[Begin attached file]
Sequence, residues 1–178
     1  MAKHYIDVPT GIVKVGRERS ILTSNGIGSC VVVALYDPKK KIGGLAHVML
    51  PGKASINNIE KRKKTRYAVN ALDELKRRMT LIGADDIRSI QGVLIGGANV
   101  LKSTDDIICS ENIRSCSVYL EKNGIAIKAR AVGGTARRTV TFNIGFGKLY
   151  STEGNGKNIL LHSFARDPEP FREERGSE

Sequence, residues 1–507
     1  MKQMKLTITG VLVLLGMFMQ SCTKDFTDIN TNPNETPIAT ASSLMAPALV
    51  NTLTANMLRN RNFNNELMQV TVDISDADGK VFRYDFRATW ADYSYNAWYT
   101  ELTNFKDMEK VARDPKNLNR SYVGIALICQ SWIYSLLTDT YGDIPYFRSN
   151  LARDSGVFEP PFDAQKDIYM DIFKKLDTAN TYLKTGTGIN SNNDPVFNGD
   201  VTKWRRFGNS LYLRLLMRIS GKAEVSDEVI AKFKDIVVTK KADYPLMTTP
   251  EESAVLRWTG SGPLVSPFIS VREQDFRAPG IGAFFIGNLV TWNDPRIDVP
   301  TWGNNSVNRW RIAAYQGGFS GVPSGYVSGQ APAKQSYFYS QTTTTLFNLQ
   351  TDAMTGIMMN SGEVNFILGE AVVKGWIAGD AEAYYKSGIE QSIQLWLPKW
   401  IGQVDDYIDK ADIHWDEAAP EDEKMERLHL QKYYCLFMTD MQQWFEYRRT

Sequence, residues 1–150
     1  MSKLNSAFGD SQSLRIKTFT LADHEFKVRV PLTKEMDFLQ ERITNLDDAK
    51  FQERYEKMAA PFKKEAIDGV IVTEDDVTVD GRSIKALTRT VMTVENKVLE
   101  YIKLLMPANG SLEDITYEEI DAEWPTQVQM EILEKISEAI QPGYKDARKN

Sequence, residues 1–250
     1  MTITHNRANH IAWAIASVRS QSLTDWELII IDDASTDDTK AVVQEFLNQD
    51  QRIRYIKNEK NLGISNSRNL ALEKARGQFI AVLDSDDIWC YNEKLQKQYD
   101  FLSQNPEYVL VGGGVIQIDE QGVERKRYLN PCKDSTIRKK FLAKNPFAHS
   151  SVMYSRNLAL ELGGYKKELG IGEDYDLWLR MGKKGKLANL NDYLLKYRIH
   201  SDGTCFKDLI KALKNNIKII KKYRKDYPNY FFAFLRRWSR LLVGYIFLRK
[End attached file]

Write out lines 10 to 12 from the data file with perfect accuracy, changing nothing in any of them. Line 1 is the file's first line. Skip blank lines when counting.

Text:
   151  LARDSGVFEP PFDAQKDIYM DIFKKLDTAN TYLKTGTGIN SNNDPVFNGD
   201  VTKWRRFGNS LYLRLLMRIS GKAEVSDEVI AKFKDIVVTK KADYPLMTTP
   251  EESAVLRWTG SGPLVSPFIS VREQDFRAPG IGAFFIGNLV TWNDPRIDVP